3 Tips for Graphic Design Students

Today we have a blog post from Shannon, one of our Graphic Designers. Keep reading for some great tips!

1. Learn and Design All You Can While In School
Want a job after you graduate? You’ll need a versatile portfolio.  The opportunity to learn (especially on your own) will be during your college years. Take all the creative courses you can! Even if you’re working while going to school, this is going to be the best time to study things you’re not learning in school.  Buy books, look at examples and be knowledgeable in programs and techniques that will boost your value. Make friends with your professors and bug them during none-class hours for help, references and how-to’s.  Don’t let “they didn’t teach me that” be an excuse for why you don’t know something. Learn it, make it and put it in your portfolio!

2. Take Advantage of Internships and Freelance opportunities.
Many employers are looking for SOME experience, even at entry level. On your résumé, school is listed as your education, not your experience. Make sure you’re taking advantage of opportunities to work in your field. Internships (paid and non-paid) will give you the experience you need to be an ideal job candidate. Landing a paid internship is a great form of income, but don’t pass up non-paid internships just because they don’t want to shell out the dough for a newbie. The employer you’re working FREE for will see you as being easy-going and dedicated, and that makes for a great reference in the future.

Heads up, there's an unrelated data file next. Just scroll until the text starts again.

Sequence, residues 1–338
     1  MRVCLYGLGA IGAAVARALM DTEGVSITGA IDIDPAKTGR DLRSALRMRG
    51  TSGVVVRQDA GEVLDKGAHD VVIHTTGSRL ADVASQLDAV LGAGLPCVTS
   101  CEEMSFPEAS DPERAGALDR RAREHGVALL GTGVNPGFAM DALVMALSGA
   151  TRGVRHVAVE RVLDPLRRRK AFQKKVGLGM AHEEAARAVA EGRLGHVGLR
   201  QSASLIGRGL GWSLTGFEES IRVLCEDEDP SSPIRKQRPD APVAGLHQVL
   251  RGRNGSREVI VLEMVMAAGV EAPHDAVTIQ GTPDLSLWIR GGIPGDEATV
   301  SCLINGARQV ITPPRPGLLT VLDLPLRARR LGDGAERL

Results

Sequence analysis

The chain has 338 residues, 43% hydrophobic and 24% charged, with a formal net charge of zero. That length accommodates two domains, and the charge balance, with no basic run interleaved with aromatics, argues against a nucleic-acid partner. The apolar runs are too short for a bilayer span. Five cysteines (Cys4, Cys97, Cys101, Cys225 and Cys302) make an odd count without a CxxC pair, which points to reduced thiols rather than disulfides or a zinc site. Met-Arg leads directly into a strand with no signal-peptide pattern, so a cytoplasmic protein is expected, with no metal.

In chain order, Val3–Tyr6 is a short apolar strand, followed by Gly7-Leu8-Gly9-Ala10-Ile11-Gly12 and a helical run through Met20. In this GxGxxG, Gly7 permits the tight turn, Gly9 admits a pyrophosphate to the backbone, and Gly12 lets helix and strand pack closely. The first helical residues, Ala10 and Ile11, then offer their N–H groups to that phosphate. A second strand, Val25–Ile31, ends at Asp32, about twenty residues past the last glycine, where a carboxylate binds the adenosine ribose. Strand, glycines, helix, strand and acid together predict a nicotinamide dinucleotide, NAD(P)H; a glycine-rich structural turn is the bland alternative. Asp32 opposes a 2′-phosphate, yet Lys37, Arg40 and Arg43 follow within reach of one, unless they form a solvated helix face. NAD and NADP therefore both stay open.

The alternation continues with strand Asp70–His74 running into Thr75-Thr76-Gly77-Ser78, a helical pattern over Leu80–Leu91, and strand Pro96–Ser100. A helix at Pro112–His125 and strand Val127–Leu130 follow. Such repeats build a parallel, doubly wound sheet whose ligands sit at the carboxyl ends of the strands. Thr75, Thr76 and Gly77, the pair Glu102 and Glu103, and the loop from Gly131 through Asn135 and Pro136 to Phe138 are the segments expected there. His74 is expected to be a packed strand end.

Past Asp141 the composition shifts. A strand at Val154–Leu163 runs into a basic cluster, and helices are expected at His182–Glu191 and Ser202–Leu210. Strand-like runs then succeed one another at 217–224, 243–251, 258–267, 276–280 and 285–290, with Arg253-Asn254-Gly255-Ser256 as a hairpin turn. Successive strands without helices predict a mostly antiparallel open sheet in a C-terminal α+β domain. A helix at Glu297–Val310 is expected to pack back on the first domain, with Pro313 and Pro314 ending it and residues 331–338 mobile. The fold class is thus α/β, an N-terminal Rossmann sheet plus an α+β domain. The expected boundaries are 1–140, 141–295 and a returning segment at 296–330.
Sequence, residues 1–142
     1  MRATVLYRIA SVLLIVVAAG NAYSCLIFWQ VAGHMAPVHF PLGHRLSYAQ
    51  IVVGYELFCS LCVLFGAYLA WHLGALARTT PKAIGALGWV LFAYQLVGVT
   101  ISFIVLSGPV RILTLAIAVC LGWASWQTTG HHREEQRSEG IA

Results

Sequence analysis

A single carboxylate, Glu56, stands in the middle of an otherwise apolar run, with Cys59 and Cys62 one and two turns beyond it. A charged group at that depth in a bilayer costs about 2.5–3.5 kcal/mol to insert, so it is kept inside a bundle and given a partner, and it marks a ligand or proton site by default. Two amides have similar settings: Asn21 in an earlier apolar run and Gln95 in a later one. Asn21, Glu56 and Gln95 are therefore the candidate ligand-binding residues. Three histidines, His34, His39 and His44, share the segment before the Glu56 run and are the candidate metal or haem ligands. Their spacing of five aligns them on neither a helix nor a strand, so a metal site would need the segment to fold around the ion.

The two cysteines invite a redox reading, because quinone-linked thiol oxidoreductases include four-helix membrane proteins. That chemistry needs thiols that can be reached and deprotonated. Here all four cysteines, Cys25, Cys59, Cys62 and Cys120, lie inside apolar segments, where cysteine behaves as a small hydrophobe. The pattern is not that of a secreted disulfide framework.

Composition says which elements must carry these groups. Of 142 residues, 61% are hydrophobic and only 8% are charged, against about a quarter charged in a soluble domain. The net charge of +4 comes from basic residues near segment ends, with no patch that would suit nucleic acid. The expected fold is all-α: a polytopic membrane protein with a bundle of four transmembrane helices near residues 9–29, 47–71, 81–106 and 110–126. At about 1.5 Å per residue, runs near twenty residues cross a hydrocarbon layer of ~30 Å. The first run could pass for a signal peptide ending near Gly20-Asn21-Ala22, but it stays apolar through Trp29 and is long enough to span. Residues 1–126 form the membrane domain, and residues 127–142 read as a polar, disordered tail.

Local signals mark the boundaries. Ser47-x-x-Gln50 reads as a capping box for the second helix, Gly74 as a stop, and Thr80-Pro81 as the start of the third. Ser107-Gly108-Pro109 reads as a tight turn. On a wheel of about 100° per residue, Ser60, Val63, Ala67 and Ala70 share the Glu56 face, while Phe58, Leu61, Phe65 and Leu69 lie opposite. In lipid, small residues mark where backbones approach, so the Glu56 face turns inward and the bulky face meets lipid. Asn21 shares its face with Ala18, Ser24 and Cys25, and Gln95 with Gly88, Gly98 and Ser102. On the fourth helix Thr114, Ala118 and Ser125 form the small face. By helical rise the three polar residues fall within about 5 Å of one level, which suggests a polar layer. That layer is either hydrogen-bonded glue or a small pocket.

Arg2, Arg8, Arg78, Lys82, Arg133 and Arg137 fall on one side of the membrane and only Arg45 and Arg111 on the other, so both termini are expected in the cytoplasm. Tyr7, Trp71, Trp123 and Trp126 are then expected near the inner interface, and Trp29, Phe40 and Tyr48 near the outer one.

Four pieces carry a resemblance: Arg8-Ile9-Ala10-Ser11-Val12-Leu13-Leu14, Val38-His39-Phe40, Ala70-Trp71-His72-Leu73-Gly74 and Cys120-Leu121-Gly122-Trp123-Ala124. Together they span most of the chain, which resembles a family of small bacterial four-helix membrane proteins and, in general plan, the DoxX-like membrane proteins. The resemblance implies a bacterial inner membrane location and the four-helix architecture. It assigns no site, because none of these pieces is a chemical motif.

Freelancing is an opportunity to start a business and set your own hours and wages, while gaining experience.  Freelance is a great way to build up your portfolio, develop your communication skills and help you to be organized in a Project Manager type role. Plus, it’s a great filler position on your résumé when you’re between jobs.

3. Make Yourself Stand Out

Besides having totally awesome portfolio and résumé, you want to make sure you are showing people you are a talented individual.  Your business card is a quick preview to the quality of work you produce.  Standard business cards size is 2×3.5 inches but within those dimensions, the possibilities are endless.  Try doing a square business card that is 2×2 or even these very cool mini business cards.  You want your business card to reflect you and your work but not so “matchy matchy” that when you change your portfolio you’re not stuck with 450 outdated business cards. Always keep your cards on you. You never know who you will run into, who has connections and who will help you network with others.

For some eye-popping, “how-the-heck did they do that” business card inspiration, click here.

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